she pictured the plight of Dr. Bob and Anne. Suiting action
to her word, she called their house. As Anne answered, Henrietta
described me as a sobered alcoholic from New York who, she
felt sure, could help Bob. The good doctor had seemingly
exhausted all medical and spiritual remedies for his condition.
Then Anne replied, "What your say, Henrietta, is terribly
interesting. But I am afraid we can't do anything now. Being
Mother's Day, my dear boy has just brought in a fine potted
plant. The pot is on the table but, alas, Bob is on the
floor. Could we try to make it tomorrow?" Henrietta
instantly issued a dinner invitation for the following day.
five o'clock next afternoon, Anne and Dr. Bob stood at Henrietta's
door. She discreetly whisked Bob and me off to the library.
His words were, "Mighty glad to meet you, Bill. But
it happens I can't stay long; five or ten minutes at the
outside." I laughted and observed "Guess you're
pretty thirsty aren't you?" His rejoinder was, "Well,
maybe you do understand this drinking business after all."
So began a talk which lasted hours.
different my attitude was this time. My fright of getting
drunk had evoked a much more becoming humility. After telling
Dr. Bob my story, I explained how truly I needed him. Would
he allow me to help him, I might remain sober myself. The
seed that was to flower as AA began to grow toward the light.
But as dear Anne well guessed, that first tendril was a
fragile thing. Practical steps had better be taken. She
bade me come and live at their menage for a while. There
I might keep an eye on Dr. Bob. And he might on me. This
was the very thing. Perhaps we could do together what we
couldn't do separately. Besides I might revive my sagging
the next three months I lived with these tow wonderful people.
I shall always believe they gave me more than I ever brought
them. Each morning there was devotion. After the long silence
Anne would read out of the good book. James was our favorite.
Reading him from her chair in the corner, she would softly
conclude "Faith without works is dead."
Bob's travail with alcohol was not quite over. That Atlantic
City Medical Convention had to be attended. He hadn't missed
one in twenty years. Anxiously waiting, Anne and I heard
nothing for five days. Finally his office nurse and her
husband found him early one morning at the Akron railroad
station in some confusion and disarray -- which puts it
mildly. A horrible dilemma developed. Dr. Bob had to perform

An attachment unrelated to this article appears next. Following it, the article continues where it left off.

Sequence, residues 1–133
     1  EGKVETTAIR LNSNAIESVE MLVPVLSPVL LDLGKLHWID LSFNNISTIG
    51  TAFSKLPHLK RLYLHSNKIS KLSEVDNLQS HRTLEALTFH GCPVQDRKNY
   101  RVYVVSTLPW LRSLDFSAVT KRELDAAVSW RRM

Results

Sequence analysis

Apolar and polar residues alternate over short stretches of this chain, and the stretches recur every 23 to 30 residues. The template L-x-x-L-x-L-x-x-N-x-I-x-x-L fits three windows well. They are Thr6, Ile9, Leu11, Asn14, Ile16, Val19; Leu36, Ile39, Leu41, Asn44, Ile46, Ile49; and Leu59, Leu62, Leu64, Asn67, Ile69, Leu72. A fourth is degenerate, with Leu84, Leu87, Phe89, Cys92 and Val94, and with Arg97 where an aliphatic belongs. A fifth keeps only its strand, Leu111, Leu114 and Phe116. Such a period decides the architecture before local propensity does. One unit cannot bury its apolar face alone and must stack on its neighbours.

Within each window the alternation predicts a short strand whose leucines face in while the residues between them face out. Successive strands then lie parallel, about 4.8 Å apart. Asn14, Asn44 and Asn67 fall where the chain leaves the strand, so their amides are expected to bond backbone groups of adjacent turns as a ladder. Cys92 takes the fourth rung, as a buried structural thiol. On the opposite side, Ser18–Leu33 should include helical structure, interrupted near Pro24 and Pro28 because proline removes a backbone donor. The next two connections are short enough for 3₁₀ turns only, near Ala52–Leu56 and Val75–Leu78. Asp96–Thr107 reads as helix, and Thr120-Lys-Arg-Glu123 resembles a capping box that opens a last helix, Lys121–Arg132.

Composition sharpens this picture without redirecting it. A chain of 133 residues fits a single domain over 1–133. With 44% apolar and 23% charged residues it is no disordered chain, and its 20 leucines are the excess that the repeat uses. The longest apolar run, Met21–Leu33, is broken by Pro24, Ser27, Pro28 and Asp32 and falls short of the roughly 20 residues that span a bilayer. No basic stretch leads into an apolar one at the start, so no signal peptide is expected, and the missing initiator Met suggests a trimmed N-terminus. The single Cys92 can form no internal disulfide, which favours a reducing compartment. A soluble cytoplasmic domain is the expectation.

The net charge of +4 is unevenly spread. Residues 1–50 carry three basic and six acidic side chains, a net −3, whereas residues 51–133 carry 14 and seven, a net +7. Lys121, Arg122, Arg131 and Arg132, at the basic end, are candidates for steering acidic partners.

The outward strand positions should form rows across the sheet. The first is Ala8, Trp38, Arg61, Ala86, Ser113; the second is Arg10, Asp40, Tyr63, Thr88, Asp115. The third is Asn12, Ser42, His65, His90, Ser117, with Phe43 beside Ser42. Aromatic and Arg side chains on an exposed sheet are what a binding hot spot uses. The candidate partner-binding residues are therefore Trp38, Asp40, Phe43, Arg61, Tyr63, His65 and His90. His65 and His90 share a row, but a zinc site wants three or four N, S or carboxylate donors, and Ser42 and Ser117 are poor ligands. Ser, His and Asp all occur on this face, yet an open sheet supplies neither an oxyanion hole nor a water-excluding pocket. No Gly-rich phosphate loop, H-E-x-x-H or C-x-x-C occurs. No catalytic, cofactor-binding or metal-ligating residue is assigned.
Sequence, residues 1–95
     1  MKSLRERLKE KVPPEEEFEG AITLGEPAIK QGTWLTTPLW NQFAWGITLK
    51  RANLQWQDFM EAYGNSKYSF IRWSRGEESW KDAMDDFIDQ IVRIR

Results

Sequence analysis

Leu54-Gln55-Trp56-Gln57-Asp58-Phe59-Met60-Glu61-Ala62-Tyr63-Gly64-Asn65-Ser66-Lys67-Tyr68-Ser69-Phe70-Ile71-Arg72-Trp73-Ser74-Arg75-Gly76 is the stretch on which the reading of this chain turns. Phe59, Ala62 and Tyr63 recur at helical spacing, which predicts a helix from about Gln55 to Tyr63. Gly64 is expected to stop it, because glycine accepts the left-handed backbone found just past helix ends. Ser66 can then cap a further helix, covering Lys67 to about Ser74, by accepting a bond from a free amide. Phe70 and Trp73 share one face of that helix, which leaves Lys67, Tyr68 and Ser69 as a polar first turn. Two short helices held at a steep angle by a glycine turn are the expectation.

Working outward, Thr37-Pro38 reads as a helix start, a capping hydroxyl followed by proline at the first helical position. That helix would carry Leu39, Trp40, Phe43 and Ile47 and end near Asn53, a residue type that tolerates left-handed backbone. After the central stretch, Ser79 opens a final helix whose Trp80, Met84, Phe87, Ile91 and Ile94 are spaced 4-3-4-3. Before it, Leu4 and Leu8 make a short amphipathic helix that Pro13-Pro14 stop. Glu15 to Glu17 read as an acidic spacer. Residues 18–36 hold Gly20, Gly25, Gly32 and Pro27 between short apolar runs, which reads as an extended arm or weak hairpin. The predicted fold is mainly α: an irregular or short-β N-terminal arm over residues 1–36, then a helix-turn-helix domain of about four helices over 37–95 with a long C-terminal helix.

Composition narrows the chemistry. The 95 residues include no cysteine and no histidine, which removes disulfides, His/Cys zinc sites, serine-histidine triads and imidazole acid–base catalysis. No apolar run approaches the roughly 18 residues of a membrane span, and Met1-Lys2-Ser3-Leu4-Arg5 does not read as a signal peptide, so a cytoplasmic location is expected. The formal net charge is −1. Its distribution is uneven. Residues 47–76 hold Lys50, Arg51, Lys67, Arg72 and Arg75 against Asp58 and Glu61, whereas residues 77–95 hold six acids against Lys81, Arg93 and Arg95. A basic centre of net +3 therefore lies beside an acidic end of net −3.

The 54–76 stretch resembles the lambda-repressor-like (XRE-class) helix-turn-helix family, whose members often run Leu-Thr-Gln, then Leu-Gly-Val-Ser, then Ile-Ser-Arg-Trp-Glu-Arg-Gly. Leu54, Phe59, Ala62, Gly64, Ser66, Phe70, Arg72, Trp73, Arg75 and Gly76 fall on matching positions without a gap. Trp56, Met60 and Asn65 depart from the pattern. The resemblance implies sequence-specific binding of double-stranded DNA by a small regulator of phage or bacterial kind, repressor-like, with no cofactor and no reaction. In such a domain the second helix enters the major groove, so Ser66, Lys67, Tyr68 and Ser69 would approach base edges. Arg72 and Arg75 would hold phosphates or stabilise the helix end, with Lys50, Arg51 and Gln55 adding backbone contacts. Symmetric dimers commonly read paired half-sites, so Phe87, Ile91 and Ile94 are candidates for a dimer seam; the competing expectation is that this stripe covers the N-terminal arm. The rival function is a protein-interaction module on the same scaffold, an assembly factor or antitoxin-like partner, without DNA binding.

a critical surgical operation just three days hence. Nor
could an associate substitute for him. He simply had to
do it. But how? Could we ever get him ready in time?
and i were placed in twin beds. A typical tapering down
process was inaugurated. No much sleep for anybody, but
he cooperated. At four o'clock on the morning of the operation
he turned, looked at me, and said, "I am going through
with this." I inquired, "You mean you are going
through with the operation?" He replied, "I have
placed both the operation and myself in God's hands. I'm
going to do what it takes to get sober and stay that way."
Not another word did he say. At nine o'clock he shook miserably
as we helped him into his clothes. We were panic stricken.
Could he ever do it? Were he too tight or too shaky, it
would make little difference, his misguided scalpel might
take the life of his patient. We gambled. I game him one
bottle of beer. That was the last drink he ever took. It
was June 10, 1935. The patient lived.
first prospect appeared; a neighboring parson sent him over.
Because the newcomer faced eviction, Anne took in his whole
family, wife and two children. The new one was a puzzler.
When drinking, he'd go clean out of his mind. One afternoon
Anne sat at her kitchen table, calmly regarding him as he
fingered a carving knife. Under her steady gaze, his hand
dropped. But he did not get sober then. His wife dispairingly
betook herself to her own parents and he disappeared. But
he did reappear fifteen years later for Dr. Bob's last rites.
There we saw him, soundly and happily sober in AA. Back